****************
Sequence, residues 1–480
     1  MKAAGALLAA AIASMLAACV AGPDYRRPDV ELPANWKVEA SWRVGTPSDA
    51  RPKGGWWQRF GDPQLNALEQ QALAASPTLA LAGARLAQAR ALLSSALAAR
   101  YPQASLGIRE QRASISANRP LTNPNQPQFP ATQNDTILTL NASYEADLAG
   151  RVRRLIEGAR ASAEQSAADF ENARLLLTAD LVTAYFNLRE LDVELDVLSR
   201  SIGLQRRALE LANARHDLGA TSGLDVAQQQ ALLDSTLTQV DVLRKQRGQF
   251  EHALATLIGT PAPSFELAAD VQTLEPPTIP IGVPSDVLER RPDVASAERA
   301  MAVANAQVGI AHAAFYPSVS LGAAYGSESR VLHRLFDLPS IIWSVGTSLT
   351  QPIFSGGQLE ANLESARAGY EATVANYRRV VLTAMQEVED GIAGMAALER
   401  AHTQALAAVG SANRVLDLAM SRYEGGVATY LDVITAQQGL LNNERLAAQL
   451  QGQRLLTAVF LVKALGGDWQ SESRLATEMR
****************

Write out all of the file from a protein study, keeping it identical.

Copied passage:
Sequence, residues 1–480
     1  MKAAGALLAA AIASMLAACV AGPDYRRPDV ELPANWKVEA SWRVGTPSDA
    51  RPKGGWWQRF GDPQLNALEQ QALAASPTLA LAGARLAQAR ALLSSALAAR
   101  YPQASLGIRE QRASISANRP LTNPNQPQFP ATQNDTILTL NASYEADLAG
   151  RVRRLIEGAR ASAEQSAADF ENARLLLTAD LVTAYFNLRE LDVELDVLSR
   201  SIGLQRRALE LANARHDLGA TSGLDVAQQQ ALLDSTLTQV DVLRKQRGQF
   251  EHALATLIGT PAPSFELAAD VQTLEPPTIP IGVPSDVLER RPDVASAERA
   301  MAVANAQVGI AHAAFYPSVS LGAAYGSESR VLHRLFDLPS IIWSVGTSLT
   351  QPIFSGGQLE ANLESARAGY EATVANYRRV VLTAMQEVED GIAGMAALER
   401  AHTQALAAVG SANRVLDLAM SRYEGGVATY LDVITAQQGL LNNERLAAQL
   451  QGQRLLTAVF LVKALGGDWQ SESRLATEMR